This is what the Arab spring looks like

Tunisian voters seem to declare that they hold no indiscriminate prejudice. They simply have a problem with incompetence, corruption, cronyism, and abuse of human dignity.

By Ahmed E. Squaiaia 

Four days after the fourth anniversary of the spark that ignited the fury of protests widely known as the Arab Spring, Tunisian voters reminded the world about what the Arab Spring is supposed to look like. The election of a new president this week capped four years of hard work that involved politicians and leaders of civil society institutions.

In four years, Tunisians elected a constituency assembly primarily tasked with forming a transitional government and writing a new constitution. Those goals, despite many setbacks, were finally achieved. In the past three months, Tunisian voters elected a parliament, narrowed the field of presidential candidates (of more than 24 candidates) during a first round of presidential elections, and finally chose Beji Caid Essebsi, giving him 55% of their vote over the interim president, Mohamed Mouncef Marzouki.

The Tunisian flag. By entraîneur: BEN KHALIFA WISSAM (http://www.w3.org/) [Public domain], via Wikimedia Commons

The Tunisian flag. By entraîneur: BEN KHALIFA WISSAM (http://www.w3.org/) [Public domain], via Wikimedia Commons

Without doubt, attempts to explain the outcome and meaning of the results of these elections are numerous. Some commentators described the outcome as “buyer’s remorse,” suggesting that the Arab peoples are having second thoughts about the uprisings that overthrew many of the most authoritarian, yet effective, rulers in the region. Other observers contended that the vote in Tunisia, like the one in Egypt, which brought al-Sisi to power, is repudiation to Islamists. Other analysts charged that outside money and influence is behind the counter-revolutionary movements that are repackaging old regimes in order to slow down or undo the radical changes the Arab Spring had set in motion. Indeed, there is some truth in all of these and other theories. However, the constitution that the Tunisian people approved and the process by which they transitioned towards representative governance are remarkably impressive and Tunisians from all spectrums of social and political life should celebrate with pride and relief.

Generally, Tunisians have succeeded in keeping outside influence to a minimum. They trusted civil society institutions with mediating political dissent. They supported the interim government in its efforts to isolate violent elements who want to impose their genocidal agenda. In the end, thanks to the people’s sacrifices and commitment to non-violence, Tunisia emerged victorious in many areas. It stands proudly free from the Gulf States’ money-driven half-solutions that stalled progress in Yemen. Tunisians avoided the power grab and political opportunism like the ones that took place in Egypt. And above all, Tunisians succeeded in deliberately silencing the genocidal groups who use knives and guns to slaughter their way to power as is the case in Libya and Syria. Tunisians reaffirmed their commitment to the initial cry for dignity.

Importantly, Tunisians have reminded those who claim sole ownership of the revolution for themselves that the uprising was not about replacing one authoritarian regime with another or rewarding a political party over another. By voting for Nida Tunis (and its leader), which has roots in the old bureaucracy, and offering Ennahdha a significant number of seats in the new parliament, Tunisian voters seem to declare that they hold no indiscriminate prejudice against all and anyone who worked or might have worked with or for the old regime. They simply have a problem with incompetence, corruption, cronyism, and abuse of human dignity.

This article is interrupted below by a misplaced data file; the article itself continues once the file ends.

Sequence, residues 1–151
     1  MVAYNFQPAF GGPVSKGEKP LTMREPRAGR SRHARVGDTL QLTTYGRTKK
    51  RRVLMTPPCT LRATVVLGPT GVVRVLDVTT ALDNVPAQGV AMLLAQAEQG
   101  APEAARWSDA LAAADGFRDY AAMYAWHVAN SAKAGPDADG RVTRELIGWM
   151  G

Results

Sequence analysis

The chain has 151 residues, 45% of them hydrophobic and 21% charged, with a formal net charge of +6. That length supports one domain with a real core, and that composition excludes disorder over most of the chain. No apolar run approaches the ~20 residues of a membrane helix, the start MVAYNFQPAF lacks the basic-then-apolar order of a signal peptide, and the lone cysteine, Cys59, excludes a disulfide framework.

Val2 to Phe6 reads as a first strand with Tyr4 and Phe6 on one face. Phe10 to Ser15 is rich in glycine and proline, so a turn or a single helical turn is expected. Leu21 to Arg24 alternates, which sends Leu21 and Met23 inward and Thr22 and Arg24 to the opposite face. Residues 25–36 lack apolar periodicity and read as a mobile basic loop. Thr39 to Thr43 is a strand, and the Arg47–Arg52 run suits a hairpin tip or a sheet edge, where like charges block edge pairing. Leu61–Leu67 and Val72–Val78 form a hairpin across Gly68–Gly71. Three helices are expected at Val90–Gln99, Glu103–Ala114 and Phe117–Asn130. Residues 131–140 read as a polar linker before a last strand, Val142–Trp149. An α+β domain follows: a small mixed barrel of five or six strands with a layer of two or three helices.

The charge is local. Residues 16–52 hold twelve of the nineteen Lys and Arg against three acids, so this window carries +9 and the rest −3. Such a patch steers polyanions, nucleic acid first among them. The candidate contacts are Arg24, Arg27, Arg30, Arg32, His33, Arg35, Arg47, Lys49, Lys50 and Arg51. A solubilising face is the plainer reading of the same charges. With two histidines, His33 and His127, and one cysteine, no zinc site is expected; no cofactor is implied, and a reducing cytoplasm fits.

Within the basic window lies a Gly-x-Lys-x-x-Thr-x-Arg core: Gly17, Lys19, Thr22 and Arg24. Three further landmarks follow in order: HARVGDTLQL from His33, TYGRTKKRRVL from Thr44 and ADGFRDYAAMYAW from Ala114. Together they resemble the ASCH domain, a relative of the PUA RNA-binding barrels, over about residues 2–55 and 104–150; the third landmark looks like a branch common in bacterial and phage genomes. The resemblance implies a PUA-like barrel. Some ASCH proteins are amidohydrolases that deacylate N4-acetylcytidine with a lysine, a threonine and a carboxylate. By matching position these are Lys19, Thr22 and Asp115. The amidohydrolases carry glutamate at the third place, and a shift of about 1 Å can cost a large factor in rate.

Today, Nida Tunis, the coalition of political parties and civil society entities’ representative that was created as a counterweight to the post-revolution ruling coalition, is celebrating; just as did Ennahdha and its allies three years ago. Nida Tunis and its allies should remember that the people, now, have a say in who governs and for how long. More importantly, they should remain mindful not only of the interest of the 55% of the people who voted for them, but also of the concerns of the 45% of Tunisians who voted for Marzouki and the 66% (3.5 million people) of all registered voters who did not vote at all or voted for Marzouki—not for their candidate, Essabsi. Regardless, the 36% of the all registered voters who actually voted for him did not nostalgically vote to bring back the neo-Bourguibists, they voted out those who failed, in their judgment, to govern… again.

The world community should do more than congratulate the Tunisian people and their newly elected officials. They should support them economically, politically, and morally without any strings attached. Indeed, the Tunisian model for transitioning towards representative governance is the most convincing rebuttal to genocidal groups who believe in nothing but their own narrow worldview and tolerate none but themselves.

About the author:

Ahmed E. Souaiaia teaches at the University of Iowa. He is the author of the book, Contesting Justice (State University of New York Press, 2010) and his most recent book, Anatomy of Dissent in Islamic Societies, provides a historical and theoretical treatment of rebellious movements and ideas since the rise of Islam.

Published December 24, 2014 by openDemocracy.net

This article is published under a Creative Commons Attribution-NonCommercial 3.0 licence.

Share

Leave a Reply

Your email address will not be published. Required fields are marked *

Time limit is exhausted. Please reload CAPTCHA.

Protected with IP Blacklist CloudIP Blacklist Cloud